HIV/Aids and psychosis: needs, challenges and support of affected mothers

R. Spies, P.S. Sterkenburg, E van Rensburg, C. Schuengel

Research output: Contribution to JournalArticleAcademicpeer-review

Abstract

Little is known about parenting in the context of HIV and psychosis, two co-existing conditions affecting many mothers in South Africa. In this study a mixed methods approach was used to firstly do qualitative investigation of the illness and parenting experiences of a case group of mothers living with HIV/AIDS and psychosis (n = 41). Secondly, the support networks of this group are compared with a control group of mothers with HIV/AIDS without psychosis (n = 44). Integrating qualitative and quantitative data highlight the emotional and physical disruption experienced by the case group that contribute to dysfunctional mother–child interactions. This experience may be detrimental to the child’s well-being and formation of attachment relationships. Healthy support networks may buffer these adversities. The availability of support figures is similar between the groups, but the case group has less spousal support. Paranoia associated with the case group predicted fewer support figures, thus emphasizing the vulnerability of this group of mothers and children.
Original languageEnglish
Pages (from-to)183-193
JournalJournal of Child and Family Studies
Volume26
Issue number1
DOIs
Publication statusPublished - 2017

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psychosis
Psychotic Disorders
Mothers
HIV
Parenting
Acquired Immunodeficiency Syndrome
Group
Paranoid Disorders
South Africa
Buffers
AIDS
Control Groups
child well-being
experience
vulnerability
illness
interaction

Cite this

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abstract = "Little is known about parenting in the context of HIV and psychosis, two co-existing conditions affecting many mothers in South Africa. In this study a mixed methods approach was used to firstly do qualitative investigation of the illness and parenting experiences of a case group of mothers living with HIV/AIDS and psychosis (n = 41). Secondly, the support networks of this group are compared with a control group of mothers with HIV/AIDS without psychosis (n = 44). Integrating qualitative and quantitative data highlight the emotional and physical disruption experienced by the case group that contribute to dysfunctional mother–child interactions. This experience may be detrimental to the child’s well-being and formation of attachment relationships. Healthy support networks may buffer these adversities. The availability of support figures is similar between the groups, but the case group has less spousal support. Paranoia associated with the case group predicted fewer support figures, thus emphasizing the vulnerability of this group of mothers and children.",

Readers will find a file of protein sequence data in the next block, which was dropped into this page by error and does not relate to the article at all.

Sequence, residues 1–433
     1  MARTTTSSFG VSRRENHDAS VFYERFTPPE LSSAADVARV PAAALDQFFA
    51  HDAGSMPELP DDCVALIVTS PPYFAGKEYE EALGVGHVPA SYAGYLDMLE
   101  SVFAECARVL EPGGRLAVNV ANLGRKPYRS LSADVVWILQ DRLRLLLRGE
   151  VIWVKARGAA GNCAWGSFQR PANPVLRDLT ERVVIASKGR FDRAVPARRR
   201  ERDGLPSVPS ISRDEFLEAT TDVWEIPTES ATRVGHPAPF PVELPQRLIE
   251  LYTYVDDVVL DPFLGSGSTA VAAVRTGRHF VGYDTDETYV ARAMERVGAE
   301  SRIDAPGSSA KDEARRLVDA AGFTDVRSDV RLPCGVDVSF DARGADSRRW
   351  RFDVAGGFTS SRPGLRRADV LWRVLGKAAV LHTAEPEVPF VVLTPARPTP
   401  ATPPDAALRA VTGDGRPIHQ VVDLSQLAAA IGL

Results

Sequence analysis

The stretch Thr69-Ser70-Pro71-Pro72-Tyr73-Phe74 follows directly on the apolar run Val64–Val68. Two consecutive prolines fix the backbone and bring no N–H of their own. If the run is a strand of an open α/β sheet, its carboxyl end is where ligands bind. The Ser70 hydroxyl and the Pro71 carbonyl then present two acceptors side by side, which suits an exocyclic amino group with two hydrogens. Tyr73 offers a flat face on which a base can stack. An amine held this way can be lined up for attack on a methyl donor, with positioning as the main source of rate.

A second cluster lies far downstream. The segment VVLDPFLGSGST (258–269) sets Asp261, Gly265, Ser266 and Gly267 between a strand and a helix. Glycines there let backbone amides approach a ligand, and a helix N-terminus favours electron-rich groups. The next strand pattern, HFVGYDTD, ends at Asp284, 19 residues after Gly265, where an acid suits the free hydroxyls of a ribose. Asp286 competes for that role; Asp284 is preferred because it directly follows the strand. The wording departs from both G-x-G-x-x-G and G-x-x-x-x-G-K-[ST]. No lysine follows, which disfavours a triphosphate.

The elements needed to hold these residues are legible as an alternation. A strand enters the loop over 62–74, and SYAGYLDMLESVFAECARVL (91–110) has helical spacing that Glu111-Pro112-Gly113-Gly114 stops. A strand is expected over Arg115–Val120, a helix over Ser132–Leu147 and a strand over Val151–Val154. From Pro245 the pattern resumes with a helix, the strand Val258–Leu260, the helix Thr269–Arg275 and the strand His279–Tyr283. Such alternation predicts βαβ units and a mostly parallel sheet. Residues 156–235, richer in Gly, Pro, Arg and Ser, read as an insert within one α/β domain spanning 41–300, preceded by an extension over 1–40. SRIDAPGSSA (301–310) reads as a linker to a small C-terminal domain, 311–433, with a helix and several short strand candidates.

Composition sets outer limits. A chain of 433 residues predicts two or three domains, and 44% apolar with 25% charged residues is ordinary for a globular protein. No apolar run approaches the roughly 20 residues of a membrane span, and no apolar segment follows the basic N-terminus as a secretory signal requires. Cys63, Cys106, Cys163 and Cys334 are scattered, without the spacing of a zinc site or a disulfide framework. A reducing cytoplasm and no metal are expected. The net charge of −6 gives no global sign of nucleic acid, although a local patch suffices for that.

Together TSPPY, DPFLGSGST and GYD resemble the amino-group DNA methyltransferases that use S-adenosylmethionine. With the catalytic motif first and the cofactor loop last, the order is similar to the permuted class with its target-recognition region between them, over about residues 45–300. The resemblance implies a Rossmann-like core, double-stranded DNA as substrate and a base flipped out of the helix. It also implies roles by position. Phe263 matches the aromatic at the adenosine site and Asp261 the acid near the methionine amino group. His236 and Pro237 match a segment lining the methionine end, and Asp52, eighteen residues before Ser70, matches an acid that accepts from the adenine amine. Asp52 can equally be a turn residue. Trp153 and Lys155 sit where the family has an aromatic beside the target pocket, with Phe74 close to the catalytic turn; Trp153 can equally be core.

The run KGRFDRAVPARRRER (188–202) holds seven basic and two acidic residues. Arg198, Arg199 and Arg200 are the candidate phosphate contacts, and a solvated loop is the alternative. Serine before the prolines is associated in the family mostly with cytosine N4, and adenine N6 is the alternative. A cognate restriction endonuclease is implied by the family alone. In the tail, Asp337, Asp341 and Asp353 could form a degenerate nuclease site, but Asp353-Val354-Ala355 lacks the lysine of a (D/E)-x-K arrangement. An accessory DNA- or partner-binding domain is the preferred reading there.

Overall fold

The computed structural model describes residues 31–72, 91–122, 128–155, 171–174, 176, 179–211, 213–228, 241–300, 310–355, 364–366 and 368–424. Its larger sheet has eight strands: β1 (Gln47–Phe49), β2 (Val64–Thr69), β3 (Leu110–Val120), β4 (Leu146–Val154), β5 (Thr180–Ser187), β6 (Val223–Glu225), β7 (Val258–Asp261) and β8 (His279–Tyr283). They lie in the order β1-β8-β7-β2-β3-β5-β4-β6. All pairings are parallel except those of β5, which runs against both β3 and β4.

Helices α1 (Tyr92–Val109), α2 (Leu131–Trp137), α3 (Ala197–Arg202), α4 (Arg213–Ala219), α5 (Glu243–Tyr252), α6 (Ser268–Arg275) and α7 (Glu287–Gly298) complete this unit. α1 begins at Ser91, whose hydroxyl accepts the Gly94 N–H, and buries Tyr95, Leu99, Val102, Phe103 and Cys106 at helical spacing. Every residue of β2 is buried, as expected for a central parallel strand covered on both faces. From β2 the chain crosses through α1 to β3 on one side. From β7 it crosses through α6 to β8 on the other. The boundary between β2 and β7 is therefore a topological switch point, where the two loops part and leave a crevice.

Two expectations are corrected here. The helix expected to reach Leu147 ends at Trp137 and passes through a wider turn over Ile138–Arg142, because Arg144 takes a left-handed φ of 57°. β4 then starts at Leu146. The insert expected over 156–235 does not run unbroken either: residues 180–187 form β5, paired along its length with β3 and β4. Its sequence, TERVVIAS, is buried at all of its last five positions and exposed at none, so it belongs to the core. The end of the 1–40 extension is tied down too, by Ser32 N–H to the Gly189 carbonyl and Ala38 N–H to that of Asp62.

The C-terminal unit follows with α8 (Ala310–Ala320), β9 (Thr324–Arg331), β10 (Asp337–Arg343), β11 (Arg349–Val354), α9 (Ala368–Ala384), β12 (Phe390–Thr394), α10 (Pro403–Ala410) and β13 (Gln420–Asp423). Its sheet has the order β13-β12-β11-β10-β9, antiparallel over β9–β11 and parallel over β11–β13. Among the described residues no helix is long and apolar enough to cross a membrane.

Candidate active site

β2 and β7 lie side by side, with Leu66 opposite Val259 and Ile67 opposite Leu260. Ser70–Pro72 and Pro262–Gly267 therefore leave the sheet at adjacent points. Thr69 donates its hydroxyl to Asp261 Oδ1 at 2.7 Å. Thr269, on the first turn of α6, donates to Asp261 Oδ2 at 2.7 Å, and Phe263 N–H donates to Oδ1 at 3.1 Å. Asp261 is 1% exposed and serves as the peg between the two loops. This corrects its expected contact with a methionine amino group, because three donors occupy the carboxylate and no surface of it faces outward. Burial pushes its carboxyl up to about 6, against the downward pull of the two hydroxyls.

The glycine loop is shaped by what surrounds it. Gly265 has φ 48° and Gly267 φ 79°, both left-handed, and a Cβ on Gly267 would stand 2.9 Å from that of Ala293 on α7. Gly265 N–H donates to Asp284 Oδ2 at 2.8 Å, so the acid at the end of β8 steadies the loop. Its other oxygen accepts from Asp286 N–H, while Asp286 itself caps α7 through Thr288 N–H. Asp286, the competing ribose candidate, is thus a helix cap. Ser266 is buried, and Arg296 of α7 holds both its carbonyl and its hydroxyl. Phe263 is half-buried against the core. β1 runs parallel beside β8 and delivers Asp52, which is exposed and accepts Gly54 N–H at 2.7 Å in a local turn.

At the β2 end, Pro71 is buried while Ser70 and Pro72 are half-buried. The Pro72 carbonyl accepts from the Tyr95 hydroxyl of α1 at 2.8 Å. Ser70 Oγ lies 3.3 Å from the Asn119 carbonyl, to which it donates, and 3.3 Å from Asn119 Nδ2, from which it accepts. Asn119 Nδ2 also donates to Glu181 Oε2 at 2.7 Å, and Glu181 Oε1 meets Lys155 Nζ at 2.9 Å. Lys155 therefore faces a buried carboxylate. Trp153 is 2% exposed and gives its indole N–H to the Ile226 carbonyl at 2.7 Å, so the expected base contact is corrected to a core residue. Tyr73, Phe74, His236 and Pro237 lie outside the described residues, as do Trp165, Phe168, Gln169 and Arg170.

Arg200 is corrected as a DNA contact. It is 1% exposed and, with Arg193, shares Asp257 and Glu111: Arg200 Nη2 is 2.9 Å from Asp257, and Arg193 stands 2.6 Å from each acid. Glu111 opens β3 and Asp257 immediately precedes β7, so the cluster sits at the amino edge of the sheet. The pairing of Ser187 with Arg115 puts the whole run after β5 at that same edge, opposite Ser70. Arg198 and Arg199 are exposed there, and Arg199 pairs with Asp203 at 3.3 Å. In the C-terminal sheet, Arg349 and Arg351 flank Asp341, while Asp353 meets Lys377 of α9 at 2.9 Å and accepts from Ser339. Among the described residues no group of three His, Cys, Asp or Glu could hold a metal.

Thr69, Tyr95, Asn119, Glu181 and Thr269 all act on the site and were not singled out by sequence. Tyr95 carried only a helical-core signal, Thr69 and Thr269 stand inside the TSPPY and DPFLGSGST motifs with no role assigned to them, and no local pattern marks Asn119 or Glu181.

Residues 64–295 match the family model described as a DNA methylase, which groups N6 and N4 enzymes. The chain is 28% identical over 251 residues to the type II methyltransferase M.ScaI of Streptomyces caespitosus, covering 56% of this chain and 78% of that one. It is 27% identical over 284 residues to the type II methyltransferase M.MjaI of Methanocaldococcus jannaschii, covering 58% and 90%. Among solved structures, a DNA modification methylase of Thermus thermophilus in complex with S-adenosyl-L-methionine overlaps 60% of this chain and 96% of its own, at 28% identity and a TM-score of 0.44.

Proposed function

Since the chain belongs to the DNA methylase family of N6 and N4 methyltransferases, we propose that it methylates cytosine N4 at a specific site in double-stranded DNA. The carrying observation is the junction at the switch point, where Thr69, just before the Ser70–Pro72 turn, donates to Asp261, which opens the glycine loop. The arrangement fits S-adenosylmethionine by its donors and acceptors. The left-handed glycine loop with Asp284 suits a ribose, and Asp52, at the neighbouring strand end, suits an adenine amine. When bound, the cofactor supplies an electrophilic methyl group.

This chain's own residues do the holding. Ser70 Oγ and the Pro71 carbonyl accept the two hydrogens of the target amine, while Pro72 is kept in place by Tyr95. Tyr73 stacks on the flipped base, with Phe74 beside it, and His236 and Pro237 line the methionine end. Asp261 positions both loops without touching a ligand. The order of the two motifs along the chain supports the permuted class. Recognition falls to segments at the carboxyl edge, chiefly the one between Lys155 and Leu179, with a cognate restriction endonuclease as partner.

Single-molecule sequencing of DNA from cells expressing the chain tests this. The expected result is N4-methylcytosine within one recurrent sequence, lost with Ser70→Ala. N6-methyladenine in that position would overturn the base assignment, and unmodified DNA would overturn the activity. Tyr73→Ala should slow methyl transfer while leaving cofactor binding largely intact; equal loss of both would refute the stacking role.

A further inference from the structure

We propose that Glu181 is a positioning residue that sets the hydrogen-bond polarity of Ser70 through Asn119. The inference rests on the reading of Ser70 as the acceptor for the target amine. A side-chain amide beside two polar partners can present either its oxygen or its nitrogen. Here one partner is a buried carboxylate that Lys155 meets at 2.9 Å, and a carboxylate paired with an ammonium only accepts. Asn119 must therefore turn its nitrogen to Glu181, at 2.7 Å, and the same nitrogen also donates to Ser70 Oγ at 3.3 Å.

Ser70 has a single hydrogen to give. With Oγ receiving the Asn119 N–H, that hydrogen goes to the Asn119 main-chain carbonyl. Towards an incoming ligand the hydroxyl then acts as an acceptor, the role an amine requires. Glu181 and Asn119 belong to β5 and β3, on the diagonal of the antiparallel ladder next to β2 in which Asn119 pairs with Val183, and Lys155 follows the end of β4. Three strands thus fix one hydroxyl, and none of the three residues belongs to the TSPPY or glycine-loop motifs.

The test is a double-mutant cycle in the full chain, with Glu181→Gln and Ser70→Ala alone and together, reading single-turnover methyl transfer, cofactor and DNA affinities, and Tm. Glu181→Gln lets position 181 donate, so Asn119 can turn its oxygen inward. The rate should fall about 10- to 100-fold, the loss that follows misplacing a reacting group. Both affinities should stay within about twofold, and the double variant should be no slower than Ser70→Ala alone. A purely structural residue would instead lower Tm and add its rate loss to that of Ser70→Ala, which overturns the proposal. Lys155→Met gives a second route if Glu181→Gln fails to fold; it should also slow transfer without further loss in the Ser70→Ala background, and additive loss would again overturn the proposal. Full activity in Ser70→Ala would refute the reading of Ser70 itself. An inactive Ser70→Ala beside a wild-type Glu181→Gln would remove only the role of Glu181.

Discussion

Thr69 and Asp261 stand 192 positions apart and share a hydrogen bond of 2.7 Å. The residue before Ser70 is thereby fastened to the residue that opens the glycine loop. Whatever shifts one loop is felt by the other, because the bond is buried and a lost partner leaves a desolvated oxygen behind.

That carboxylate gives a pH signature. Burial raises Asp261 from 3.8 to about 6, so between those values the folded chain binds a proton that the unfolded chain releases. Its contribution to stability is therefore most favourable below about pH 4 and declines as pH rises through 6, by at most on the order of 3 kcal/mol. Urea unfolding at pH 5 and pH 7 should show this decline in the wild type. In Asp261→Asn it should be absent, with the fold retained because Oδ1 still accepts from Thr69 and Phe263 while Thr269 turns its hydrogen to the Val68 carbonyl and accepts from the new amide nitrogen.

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HIV/Aids and psychosis: needs, challenges and support of affected mothers. / Spies, R.; Sterkenburg, P.S.; van Rensburg, E; Schuengel, C.

In: Journal of Child and Family Studies, Vol. 26, No. 1, 2017, p. 183-193.

Research output: Contribution to JournalArticleAcademicpeer-review

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AB - Little is known about parenting in the context of HIV and psychosis, two co-existing conditions affecting many mothers in South Africa. In this study a mixed methods approach was used to firstly do qualitative investigation of the illness and parenting experiences of a case group of mothers living with HIV/AIDS and psychosis (n = 41). Secondly, the support networks of this group are compared with a control group of mothers with HIV/AIDS without psychosis (n = 44). Integrating qualitative and quantitative data highlight the emotional and physical disruption experienced by the case group that contribute to dysfunctional mother–child interactions. This experience may be detrimental to the child’s well-being and formation of attachment relationships. Healthy support networks may buffer these adversities. The availability of support figures is similar between the groups, but the case group has less spousal support. Paranoia associated with the case group predicted fewer support figures, thus emphasizing the vulnerability of this group of mothers and children.

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